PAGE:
Do not make the mistake of imagining everything in your house will be ideal as it’s fresh, or new to you. Issues with a house can be concealed from the ordinary eye. It could take a nearer review to identify these possible problems to prevent home restoration later on.

Purchasing a house with a pre-existing issue could lead to big costly restoration services to fix issues left behind from the previous owner. No one wants to make this mistake as they’re purchasing a home. Since life is filled with learning experiences, learn from us you obtain a home with no hidden problems. We know you have a check-list of things to look for as you are house hunting, but consider adding these red flags to your list.

10 Red Flags to Watch Out For


Potential Foundation/Structural Issues: Potentially the Most Significant Part a House and the priciest to mend, It’s Important to pay attention to the foundation prior to buying a home. It may cost homeowners thousands of dollars to correct. Look at basement walls, door frames and the home for leaning, cracks, etc.. If you want to be sure, get a home inspection.


Stains on the Walls and/or Ceilings: This Is Generally a sign of water damage. If this issue has been left untreated for a little while it may be more of an issue than you think.

Check the ceilings, walls, under sinks, interior cabinets and anyplace else that is exposed to moisture consistently, such as baths. When you spot a stain, ask questions. Has the problem been corrected? Beware of random stains of fresh paint; this could be a tactic to cover up prior damage as well.


Poor Drainage: A bad drainage system puts your home at risk for major water damage and that is costly. Check for pooling of water from the basement or around the house/yard. Be certain the incline of yard is from your home’s foundation to prevent rain runoff getting indoors.

The Age and Appearance of the Roof: Roof damage is costly to fix and can lead to other difficulties, such as letting water into your house . Before settling on a house, look and determine what material the roof is made from, is it caving in, does it possess a clear holes or concerning damage? Get a closer look at the gutter to be sure they aren’t corroded or obstructed.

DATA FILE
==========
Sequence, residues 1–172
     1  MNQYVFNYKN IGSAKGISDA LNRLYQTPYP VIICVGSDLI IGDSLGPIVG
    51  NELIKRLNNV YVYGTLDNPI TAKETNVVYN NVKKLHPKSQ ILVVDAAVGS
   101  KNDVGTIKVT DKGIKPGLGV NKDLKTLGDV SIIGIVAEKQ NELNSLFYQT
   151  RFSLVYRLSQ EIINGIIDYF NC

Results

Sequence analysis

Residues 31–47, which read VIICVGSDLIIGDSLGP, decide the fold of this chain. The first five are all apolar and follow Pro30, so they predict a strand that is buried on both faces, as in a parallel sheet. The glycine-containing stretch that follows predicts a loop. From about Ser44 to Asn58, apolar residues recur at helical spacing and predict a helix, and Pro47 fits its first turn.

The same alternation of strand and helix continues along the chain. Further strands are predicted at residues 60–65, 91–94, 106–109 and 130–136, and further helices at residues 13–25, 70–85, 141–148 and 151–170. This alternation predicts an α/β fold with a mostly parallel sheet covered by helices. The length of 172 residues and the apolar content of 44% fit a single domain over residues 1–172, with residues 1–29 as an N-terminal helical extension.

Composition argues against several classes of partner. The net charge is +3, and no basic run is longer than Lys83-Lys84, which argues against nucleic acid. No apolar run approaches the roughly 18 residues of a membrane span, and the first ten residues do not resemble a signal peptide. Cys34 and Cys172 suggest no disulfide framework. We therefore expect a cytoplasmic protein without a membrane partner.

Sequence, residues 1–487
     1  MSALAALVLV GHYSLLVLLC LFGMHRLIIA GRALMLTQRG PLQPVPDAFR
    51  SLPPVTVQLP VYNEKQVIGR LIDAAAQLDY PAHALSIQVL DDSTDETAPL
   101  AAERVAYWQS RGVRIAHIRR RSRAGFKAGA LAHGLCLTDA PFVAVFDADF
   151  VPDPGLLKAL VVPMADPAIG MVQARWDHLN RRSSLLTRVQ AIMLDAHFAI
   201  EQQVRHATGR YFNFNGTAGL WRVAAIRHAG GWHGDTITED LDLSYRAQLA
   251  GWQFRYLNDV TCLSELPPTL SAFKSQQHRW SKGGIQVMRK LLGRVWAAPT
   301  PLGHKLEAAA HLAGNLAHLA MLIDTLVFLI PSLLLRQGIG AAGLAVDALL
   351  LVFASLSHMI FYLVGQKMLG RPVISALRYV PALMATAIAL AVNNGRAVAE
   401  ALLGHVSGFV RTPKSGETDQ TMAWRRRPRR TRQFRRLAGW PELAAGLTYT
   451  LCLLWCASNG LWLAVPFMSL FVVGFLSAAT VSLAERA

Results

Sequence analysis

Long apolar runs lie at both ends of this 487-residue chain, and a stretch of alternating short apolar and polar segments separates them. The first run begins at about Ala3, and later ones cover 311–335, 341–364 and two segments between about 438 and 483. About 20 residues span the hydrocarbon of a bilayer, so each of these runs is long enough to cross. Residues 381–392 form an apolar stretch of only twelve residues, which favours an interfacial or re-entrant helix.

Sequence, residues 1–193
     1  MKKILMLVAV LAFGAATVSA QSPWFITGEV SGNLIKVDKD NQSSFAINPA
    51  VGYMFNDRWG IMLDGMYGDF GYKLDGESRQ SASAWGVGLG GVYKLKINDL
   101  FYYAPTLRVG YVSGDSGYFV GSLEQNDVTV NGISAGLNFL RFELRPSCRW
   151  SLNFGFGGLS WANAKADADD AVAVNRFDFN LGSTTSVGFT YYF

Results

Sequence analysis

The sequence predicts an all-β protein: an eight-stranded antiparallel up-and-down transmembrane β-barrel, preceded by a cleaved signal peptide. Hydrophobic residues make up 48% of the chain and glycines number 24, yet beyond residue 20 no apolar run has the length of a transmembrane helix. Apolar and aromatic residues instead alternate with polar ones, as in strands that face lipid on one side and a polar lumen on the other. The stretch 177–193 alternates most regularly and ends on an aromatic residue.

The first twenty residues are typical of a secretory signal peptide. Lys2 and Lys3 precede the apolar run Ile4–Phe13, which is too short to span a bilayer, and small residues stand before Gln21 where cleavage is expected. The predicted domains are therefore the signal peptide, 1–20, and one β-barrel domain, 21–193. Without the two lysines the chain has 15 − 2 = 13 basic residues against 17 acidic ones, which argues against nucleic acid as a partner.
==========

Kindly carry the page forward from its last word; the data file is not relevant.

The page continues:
The Benefits of Mold: Having mold in a home can lead to health issues for your family, but mold is not always readily detected. It’s better to find the mold prior to buying than later because mold remediation can be costly. Check areas like basements and attics as well as beneath the sink.

Hidden Fireplace/Chimney Damage: A whole lot can be concealed in a chimney, such as creatures or the indication of a previous fire. For safety reasons see if they have a glass or screen door on the fire place, do they have a damper or log milder, is there a gas port, does the chimney sparse. Have a glance inside to be certain that there is not evidence of a flame .

Pest and/or Insect Issues: Pests can be a pesky problem and they might not show themselves right away. Start Looking for signs of insects as you walk around the inside and out of the House.

Look in the Trees: The gorgeous trees that line your yard can turn into risks in certain conditions. Evaluate how big the trees are, how old they seem to function, are their roots showing and just how close they are to the house? Anything that looks like a potential hazard likely is. Tree roots may invade sewer lines and shrub limbs can fall on your house during a storm. Don’t buy a property with poisonous trees.

Electric System Issues: Probably the toughest red flag to identify prior to buying the home. Keep in mind the age of the home. While walking through turn on all of the light switches to observe how the lights work and check the outlets. If this home is a high competitor, consider having an inspector check the sockets and electric system to be sure everything is up to code.

The Neighborhood’s Condition: Many homeowners are really good at hiding issues in order to sell their property. Take a peek at the houses around the one you’re contemplating and speak with the neighbors. These houses could hint at what’s to come for your home and neighbors may shed some light on shared issues of the region. Look for boarded up properties or a high number of vacant or for selling homes. Be aware of what the region is prone to — such as flooding or wildfires. These could be unnecessary risks you may not encounter at another home option.